Table Valued Parameters (TVPs) and User Defined Table Types (UDTTs)

Table Valued Parameters and User Defined Table Type are available from SQL Server 2008 but still many developers are not aware of it. Before SQL Server 2008 it was not possible to pass a table variable to a stored procedure, for that case we mostly relied on xml data type to send multiple rows to a stored procedure. Now we can use Table Valued Parameters in stored procedure, and to use Table Valued Parameters we need to create a User Defined Table Type.

User Defined Table Type and Table Valued Parameter

A user-defined table type is a user-defined type that represents the definition of a table structure. You can use a user-defined table type to declare table-valued parameters for stored procedures or functions, or to declare table variables that you want to use in a batch or in the body of a stored procedure or function. Using Table Valued Parameter we can easily pass multi row data to stored procedure.

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SQL Server – Table Hints

Table hints are nothing but a Transact-SQL clause that is specified in the FROM clause of the data manipulation language (DML) statement and affect only the table or view referenced in that clause. Table hints override the default behavior of the query optimizer for the duration of the data manipulation language (DML) statement by specifying a locking method, one or more indexes, a query-processing operation such as a table scan or index seek, or other options.

Because the SQL Server query optimizer typically selects the best execution plan for a query, msdn recommend that hints be used only as a last resort by experienced developers and database administrators.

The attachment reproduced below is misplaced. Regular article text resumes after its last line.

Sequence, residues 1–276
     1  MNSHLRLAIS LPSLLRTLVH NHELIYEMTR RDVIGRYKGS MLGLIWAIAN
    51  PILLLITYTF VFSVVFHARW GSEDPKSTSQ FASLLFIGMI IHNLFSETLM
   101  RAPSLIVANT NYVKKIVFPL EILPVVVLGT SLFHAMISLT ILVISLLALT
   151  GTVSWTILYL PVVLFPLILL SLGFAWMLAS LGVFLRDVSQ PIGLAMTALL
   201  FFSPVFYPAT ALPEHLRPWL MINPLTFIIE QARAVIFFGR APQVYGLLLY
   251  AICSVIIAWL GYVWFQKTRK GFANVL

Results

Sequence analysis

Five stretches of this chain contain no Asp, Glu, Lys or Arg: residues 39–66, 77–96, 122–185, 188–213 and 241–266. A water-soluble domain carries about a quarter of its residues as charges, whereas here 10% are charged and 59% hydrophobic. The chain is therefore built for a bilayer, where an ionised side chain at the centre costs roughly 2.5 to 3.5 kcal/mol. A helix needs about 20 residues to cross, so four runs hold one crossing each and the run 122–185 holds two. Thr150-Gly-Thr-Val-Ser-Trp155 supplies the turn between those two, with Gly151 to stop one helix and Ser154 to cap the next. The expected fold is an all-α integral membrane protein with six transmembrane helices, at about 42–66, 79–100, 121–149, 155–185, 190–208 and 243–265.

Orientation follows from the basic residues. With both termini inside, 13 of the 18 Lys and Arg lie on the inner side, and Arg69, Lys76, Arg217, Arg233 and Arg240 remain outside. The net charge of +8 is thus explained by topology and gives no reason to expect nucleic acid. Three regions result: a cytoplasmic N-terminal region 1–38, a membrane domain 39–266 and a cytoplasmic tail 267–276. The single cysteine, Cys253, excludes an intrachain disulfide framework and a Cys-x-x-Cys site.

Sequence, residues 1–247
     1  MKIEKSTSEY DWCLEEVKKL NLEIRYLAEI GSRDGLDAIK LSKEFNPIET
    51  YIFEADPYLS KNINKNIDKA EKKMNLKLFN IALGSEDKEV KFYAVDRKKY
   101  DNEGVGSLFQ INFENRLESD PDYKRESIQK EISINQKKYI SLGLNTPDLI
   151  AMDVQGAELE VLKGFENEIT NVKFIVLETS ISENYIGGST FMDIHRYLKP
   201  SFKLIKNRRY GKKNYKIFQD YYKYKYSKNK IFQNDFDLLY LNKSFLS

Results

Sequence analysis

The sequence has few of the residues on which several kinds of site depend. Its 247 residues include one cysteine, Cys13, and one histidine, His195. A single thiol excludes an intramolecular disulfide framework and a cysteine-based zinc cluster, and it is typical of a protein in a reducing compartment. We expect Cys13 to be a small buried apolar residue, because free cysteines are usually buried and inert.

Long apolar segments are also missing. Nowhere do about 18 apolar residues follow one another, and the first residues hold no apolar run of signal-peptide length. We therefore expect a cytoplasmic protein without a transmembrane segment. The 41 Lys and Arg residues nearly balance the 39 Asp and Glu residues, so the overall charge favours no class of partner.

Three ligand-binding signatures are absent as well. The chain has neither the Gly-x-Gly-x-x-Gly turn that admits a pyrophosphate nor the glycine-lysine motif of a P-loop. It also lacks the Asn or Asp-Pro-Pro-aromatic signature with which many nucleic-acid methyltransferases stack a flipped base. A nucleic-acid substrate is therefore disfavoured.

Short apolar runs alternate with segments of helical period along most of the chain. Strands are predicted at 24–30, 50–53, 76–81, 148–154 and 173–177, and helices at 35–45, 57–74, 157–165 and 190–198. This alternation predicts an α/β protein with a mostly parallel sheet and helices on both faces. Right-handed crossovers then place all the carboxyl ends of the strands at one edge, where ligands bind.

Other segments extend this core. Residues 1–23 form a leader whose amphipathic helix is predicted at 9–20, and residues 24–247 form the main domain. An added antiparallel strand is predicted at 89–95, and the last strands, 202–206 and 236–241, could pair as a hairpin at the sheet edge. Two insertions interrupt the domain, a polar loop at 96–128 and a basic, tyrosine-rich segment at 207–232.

Microsoft-SQL-Server

Using hints can add a performance penalty and hints that improved performance in earlier editions of SQL Server may not do so in newer versions. However, there are situations where a hint can improve performance or allow queries to execute that would otherwise be blocked

Syntax:-

WITH  ( <table_hint> [ [, ]...n ] )

<table_hint> ::= 
[ NOEXPAND ] { 
    INDEX  ( index_value [ ,...n ] ) | INDEX =  ( index_value )    | FORCESEEK [( index_value ( index_column_name  [ ,... ] ) ) ]
  | FORCESCAN
  | FORCESEEK
  | HOLDLOCK 
  | NOLOCK 
  | NOWAIT
  | PAGLOCK 
  | READCOMMITTED 
  | READCOMMITTEDLOCK 
  | READPAST 
  | READUNCOMMITTED 
  | REPEATABLEREAD 
  | ROWLOCK 
  | SERIALIZABLE 
  | SPATIAL_WINDOW_MAX_CELLS = integer
  | TABLOCK 
  | TABLOCKX 
  | UPDLOCK 
  | XLOCK 
} 

<table_hint_limited> ::=
{
    KEEPIDENTITY 
  | KEEPDEFAULTS 
  | HOLDLOCK 
  | IGNORE_CONSTRAINTS 
  | IGNORE_TRIGGERS 
  | NOLOCK 
  | NOWAIT
  | PAGLOCK 
  | READCOMMITTED 
  | READCOMMITTEDLOCK 
  | READPAST 
  | REPEATABLEREAD 
  | ROWLOCK 
  | SERIALIZABLE 
  | TABLOCK 
  | TABLOCKX 
  | UPDLOCK 
  | XLOCK 
}

Omitting the WITH keyword is a deprecated feature: This feature will be removed in a future version of Microsoft SQL Server. Avoid using this feature in new development work, and plan to modify applications that currently use this feature.

Separating hints by spaces rather than commas is a deprecated feature: This feature will be removed in a future version of Microsoft SQL Server. Do not use this feature in new development work, and modify applications that currently use this feature as soon as possible.

Sample:

SELECT * FROM Employees WITH (NOLOCK)

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